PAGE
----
Brilliantly played by Michael Dunn, the Mexican dwarf (His name translates as "Little Michael") Loveless was out for revenge on 1) The United States for stealing the land of his Mexican ancestors; 2) all the people who looked down on him because of his size; 3) Jim West for preventing his attempts to crush the first two. In his first appearance, after being defeated, he wanted to bring a light bulb to jail with him to continue his experiments in bending light. He made ten appearances in all, his episodes always better as he would bring about a true genius warped to evil yet you couldn't help rooting for him even as he put West and Gordon through wild death traps. His schemes involved everything from doping the US water supply with LSD to a powder that shrunk people. A sadly troubled man who would commit suicide in 1973, Dunn earned an Emmy nomination for his work, crafting a character that set a bar for many a TV villain to follow.


The show had amazing humor, poking fun at modern times through the past. The style was unique, mixing everything from pure magic to science stuff that seemed fantastic even for the 1960's but somehow it all worked. It really set a trend later used for steampunk, the past twisted with a great alternate history of the United States, mixing real events into stories for a "what really happened" motif. Throw in the touch of how every episode was named "Night of..." even if it took place during the day and you had a series unlike anything else on television at the time.

The show had ups and downs, Garrison forced to exit and a move toward more camp. Martin suffered health problems, necessitating shut-downs and occasional "guest actors" for West's partner. The best was Alan Hale, who finished his episode noting how this was too much excitement and he wanted to go on a boat trip as the soundtrack shifted to the Gilligan's Island theme. It didn't help that Westerns began to lower in popularity as the 1970's dawned and concerns over the show's violence ended in its cancellation.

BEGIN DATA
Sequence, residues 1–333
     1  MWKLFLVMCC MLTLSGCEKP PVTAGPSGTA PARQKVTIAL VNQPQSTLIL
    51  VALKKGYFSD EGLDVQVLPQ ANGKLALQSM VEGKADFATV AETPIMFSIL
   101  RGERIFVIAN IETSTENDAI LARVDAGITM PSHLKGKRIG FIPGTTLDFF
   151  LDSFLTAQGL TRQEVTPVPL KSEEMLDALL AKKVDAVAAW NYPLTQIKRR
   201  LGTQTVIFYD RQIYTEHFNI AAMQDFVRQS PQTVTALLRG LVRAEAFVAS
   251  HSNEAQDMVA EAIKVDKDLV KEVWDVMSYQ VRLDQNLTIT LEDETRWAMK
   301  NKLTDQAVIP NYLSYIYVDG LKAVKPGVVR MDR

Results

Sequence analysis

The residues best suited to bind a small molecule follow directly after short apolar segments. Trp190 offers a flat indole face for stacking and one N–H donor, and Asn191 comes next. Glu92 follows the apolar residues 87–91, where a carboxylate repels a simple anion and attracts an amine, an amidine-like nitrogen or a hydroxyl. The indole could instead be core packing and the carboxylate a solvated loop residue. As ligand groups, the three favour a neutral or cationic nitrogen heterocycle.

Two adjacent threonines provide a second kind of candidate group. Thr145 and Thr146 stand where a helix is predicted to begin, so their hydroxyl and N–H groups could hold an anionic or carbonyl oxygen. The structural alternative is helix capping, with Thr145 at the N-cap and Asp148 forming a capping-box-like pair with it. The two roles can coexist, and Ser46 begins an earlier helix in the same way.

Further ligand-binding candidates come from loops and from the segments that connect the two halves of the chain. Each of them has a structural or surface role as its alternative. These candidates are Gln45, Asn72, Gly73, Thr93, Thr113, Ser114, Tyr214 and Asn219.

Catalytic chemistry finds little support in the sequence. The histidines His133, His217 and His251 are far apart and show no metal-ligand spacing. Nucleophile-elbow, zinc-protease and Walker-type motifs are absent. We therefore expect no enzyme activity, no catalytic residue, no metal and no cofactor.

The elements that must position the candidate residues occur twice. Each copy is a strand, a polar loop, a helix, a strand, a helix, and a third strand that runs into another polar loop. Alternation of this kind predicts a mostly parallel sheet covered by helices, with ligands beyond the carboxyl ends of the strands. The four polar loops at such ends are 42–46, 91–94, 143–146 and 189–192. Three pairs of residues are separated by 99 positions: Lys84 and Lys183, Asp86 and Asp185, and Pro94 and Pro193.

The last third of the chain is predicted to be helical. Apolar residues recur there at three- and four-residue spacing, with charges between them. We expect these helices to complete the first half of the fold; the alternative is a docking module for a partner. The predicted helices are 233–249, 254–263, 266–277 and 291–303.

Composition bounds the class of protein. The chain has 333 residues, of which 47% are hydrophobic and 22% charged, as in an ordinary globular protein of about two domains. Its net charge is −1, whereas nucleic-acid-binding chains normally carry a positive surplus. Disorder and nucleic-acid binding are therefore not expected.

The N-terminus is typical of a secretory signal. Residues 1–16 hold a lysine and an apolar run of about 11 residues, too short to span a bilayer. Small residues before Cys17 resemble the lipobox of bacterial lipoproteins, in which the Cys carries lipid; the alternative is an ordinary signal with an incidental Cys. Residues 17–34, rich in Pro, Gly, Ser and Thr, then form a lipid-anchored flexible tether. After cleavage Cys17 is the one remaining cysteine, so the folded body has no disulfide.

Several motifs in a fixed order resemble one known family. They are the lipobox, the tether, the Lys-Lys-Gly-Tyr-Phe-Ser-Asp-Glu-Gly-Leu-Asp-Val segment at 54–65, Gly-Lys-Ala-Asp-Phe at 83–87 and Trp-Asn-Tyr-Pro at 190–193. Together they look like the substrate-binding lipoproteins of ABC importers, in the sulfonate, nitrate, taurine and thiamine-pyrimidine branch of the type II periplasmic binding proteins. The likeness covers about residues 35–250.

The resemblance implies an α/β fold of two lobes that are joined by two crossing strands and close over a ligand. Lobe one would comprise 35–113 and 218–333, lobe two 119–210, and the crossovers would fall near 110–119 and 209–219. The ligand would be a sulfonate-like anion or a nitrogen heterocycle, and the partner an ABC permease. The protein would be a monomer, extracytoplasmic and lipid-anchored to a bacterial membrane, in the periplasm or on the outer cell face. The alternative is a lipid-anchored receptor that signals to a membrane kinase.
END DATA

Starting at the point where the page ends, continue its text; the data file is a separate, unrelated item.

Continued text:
In 1979, Conrad and Martin reunited for the TV movie The Wild Wild West Revisited. The two faced off against Paul Williams as Loveless Jr. ("I tower over my father!" "Well, who didn't?") who was replacing world leaders with doubles and plans involving an atomic bomb and robots he called his "$600 dollar men." A follow-up film followed but plans for more were ended when Martin died in 1981 and Conrad declared the show couldn't go on without him.

It remained popular in syndication so hopes were high when a big-screen movie was planned. Sadly, it was a disaster with the idea of casting Will Smith as West wrong; not because of his skin color but because making the jokester Smith the lead ruined the "straight-man" appeal of West and having Kevin Kline's Gordon be an adversary soured things more. Throw in how Loveless was transformed into a Southerner who had half his body and Kenneth Brangh overplaying him, some raunchy humor and the wild giant spider and you can see why fans of the series were appalled.


It's a damn shame as the show itself still holds up today as fantastic action that mixed genres better than most. Again, you can see origins of steampunk beliefs in the mix of history, how modern-day gadgets and weapons were developed for a past time and the overall sense of fun. If you haven't already, check it out on DVD or online and enjoy a show that...oh, what the hell, offered up a wild time of fun.